While telephone penetration has remained stable across the nation, significant changes have occurred for personal computer ownership and Internet access. For the latter two categories, household rates have soared since 1994 for all demographic groups in all locations. These increases indicate that Americans across the board are increasingly embracing electronic services by employing them in their homes.

Despite increasing connectivity for all groups, in some areas the digital divide still exists and, in a number of cases, is growing. Some groups (such as certain minority or low-income households in rural America) still have PC and Internet penetration rates in the single digits. By contrast, other groups (such as higher-income, highly educated, or dual-parent households) have rising connectivity rates. One promising sign of change is that the gap between races for PC ownership has narrowed significantly at the highest income level (above $75,000).

1. Expanding Access to Electronic Services

Americans of every demographic group and geographic area have experienced a significant increase in computer ownership and Internet access. Nationwide, PC ownership is now at 42.1%, up from 24.1% in 1994 and 36.6% in 1997 (an increase of 74.7% and 15.0%, respectively). (Chart I-1) Households across rural, central city, and urban areas now own home computers in greater numbers; each area experienced at least a sixteen percentage point increase since 1994, and at least a five percentage point increase since 1997. (Chart I-11) Similarly, households of all ethnic groups, income levels, education levels, and ages have experienced a significant increase. Black and Hispanic households, for example, are now twice as likely to own PCs as they were in 1994. (Chart I-13)

Internet access has also grown significantly in the last year: 26.2% of U.S. households now have Internet access, up from 18.6% in 1997 (an increase of 40.9%). (Chart I-1)(7)

As with computer ownership, Internet access has increased for all demographic groups in all locations. In the last year alone, for example, Internet access increased 40.5% for White households, 45.4% for Black households, and 44.8% for Hispanic households. (Chart I-23)

2. Disparities In Access to Electronic Services

Despite these gains across American households, distinct disparities in access remain. Americans living in rural areas are less likely to be connected by PCs or the Internet -- even when holding income constant. (Charts I-12, I-21) Indeed, at most income brackets below $35,000, those living in urban areas are at least 25% more likely to have Internet access than those in rural areas. (Chart I-21) Additionally, groups that already have low penetration rates (such as low-income, young, or certain minority households) are the least connected in rural areas and central cities.

The following demographic and geographic breakdowns are significant determinants of a household's likelihood of owning a computer or accessing the Internet from home:

Income. PC and Internet penetration rates both increase with higher income levels.(8) Households at higher income levels are far more likely to own computers and access the Internet than those at the lowest income levels. Those with an income over $75,000 are more than five times as likely to have a computer at home (Chart I-12) and are more than seven times as likely to have home Internet access (Chart I-21) as those with an income under $10,000.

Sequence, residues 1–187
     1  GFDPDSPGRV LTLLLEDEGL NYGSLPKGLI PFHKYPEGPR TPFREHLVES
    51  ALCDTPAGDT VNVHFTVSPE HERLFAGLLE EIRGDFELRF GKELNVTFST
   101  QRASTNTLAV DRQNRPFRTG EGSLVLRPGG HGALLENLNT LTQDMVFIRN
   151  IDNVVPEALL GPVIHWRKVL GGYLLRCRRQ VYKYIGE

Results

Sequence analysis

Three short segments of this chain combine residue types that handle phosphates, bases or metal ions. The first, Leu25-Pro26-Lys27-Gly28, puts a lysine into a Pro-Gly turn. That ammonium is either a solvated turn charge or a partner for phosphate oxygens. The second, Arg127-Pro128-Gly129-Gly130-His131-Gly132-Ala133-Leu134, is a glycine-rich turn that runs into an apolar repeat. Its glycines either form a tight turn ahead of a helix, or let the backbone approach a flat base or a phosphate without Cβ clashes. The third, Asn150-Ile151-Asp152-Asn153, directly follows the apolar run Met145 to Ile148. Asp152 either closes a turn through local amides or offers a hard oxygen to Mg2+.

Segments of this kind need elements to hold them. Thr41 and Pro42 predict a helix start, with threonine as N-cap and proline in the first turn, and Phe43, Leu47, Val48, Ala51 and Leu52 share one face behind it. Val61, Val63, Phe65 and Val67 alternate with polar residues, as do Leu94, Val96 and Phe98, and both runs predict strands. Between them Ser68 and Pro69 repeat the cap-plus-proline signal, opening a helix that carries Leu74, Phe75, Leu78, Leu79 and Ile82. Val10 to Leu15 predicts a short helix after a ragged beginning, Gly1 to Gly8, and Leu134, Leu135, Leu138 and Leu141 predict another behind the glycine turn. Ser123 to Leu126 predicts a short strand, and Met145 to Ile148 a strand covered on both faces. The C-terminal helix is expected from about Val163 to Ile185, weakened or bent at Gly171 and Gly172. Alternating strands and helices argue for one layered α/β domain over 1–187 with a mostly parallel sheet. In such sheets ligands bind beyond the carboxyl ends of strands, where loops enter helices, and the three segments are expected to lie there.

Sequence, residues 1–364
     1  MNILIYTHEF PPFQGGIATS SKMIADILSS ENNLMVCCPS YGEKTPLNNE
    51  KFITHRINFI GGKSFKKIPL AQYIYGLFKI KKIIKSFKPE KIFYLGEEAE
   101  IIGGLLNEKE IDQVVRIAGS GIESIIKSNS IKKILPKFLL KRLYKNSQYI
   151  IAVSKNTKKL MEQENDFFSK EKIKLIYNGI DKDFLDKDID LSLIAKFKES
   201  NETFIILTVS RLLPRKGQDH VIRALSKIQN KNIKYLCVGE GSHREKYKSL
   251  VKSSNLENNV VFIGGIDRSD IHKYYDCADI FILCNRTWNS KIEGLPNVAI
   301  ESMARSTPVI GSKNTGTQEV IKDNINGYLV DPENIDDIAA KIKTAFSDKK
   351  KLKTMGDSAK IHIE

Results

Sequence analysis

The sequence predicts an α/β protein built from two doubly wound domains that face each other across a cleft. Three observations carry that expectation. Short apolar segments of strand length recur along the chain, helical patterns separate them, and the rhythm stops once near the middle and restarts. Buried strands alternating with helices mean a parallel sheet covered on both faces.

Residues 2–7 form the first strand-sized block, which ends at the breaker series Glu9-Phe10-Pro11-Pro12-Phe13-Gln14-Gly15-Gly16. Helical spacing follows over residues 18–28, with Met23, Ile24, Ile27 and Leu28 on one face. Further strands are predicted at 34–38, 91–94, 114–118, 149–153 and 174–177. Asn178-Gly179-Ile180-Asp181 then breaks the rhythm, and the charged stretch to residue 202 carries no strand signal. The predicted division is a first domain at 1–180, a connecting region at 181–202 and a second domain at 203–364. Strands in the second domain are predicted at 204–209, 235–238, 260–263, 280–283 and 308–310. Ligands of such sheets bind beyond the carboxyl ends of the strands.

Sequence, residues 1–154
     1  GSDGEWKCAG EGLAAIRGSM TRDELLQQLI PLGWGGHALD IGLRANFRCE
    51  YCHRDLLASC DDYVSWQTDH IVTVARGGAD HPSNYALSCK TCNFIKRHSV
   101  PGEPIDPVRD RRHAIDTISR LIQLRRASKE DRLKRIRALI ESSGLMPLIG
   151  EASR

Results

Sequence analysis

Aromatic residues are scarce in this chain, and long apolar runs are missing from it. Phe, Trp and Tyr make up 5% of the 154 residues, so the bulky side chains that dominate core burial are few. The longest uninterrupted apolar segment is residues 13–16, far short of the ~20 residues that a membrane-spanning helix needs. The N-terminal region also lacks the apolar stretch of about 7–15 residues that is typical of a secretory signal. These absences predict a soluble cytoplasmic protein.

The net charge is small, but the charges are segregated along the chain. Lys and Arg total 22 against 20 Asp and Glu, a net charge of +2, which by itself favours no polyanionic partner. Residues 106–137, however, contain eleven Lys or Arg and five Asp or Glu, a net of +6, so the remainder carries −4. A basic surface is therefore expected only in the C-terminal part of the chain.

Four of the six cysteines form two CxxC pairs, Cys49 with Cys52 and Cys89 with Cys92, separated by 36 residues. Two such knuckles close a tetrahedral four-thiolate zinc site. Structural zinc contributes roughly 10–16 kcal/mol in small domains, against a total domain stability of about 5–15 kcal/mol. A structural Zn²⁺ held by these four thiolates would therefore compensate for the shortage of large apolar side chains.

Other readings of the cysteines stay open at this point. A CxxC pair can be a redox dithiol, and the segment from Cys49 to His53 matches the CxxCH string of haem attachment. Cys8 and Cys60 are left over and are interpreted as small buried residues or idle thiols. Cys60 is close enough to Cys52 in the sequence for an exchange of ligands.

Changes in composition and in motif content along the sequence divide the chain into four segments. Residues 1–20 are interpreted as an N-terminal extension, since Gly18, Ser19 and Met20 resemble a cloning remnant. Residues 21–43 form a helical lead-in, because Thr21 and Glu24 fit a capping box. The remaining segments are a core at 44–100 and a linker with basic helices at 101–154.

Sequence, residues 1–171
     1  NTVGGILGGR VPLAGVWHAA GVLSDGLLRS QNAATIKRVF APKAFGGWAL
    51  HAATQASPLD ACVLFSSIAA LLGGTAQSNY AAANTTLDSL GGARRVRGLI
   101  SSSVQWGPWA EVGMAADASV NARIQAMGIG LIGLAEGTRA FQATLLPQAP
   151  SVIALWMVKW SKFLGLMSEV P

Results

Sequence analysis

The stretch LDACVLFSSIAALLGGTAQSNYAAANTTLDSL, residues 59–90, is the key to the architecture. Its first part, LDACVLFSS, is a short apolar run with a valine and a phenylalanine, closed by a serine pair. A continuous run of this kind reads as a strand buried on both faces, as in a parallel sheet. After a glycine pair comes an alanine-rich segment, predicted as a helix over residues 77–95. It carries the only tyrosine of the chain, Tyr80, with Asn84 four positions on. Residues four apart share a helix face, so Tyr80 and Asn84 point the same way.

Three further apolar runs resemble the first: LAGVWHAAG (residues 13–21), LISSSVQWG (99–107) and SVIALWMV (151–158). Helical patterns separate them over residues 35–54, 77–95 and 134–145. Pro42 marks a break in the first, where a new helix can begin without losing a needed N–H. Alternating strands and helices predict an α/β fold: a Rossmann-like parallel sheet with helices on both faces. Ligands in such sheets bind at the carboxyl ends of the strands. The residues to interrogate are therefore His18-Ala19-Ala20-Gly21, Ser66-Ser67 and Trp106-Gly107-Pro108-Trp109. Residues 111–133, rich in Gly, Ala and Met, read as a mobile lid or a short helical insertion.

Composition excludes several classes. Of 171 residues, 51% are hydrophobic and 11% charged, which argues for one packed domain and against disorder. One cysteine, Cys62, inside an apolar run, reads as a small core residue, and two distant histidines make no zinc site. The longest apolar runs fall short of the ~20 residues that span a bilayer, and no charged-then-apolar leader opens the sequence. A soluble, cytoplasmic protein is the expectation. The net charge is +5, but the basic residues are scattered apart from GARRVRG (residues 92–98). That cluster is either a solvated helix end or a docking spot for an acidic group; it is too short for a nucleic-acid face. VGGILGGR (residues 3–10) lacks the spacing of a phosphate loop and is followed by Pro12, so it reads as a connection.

Low income households in rural areas are the least connected, experiencing connectivity rates in the single digits for both PCs and Internet access. (Charts I-12, I-21) The contrast between low income households (earning between $5,000 and $9,999) in rural America and high income households (earning more than $75,000) in urban areas is particularly acute: 8.1% versus 76.5% for computer ownership (Chart I-12), and 2.9% versus 62.0% for Internet access. (Chart I-21)

The impact of income on Internet access is evident even among families with the same race and family structure. Among similarly-situated families (two parents, same race), a family earning more than $35,000 is two to almost six times as likely to have Internet access as a family earning less than $35,000. (Chart I-29) The most significant disparity is among Hispanic families: two-parent households earning more than $35,000 are nearly six times as likely to have Internet access as those earning less than $35,000. Id.

Race/Origin. As with telephone penetration, race also influences connectivity. Unlike telephone penetration, however, households of Asian/Pacific Island descent have the clear lead in computer penetration (55.0%) and Internet access rates (36.0%), followed by White households (46.6% and 29.8%, respectively). (Charts I-13, I-22) Black and Hispanic households have far lower PC penetration levels (at 23.2% and 25.5%), and Internet access levels (11.2% and 12.6%). Id.

Again, geography and income influence these trends. Urban Asians/Pacific Islanders have the highest computer penetration rates (55.6%) and Internet access rates (36.5%). Charts I-13, I-22) By contrast, rural Black households are the least connected group in terms of PC ownership (17.9%) or Internet access (7.1%). Id. Black households earning less than $15,000 are also at the opposite end of the spectrum from high income Asians/Pacific Islanders for PC ownership (6.6% versus 85.0%). (Charts I-14, I-24)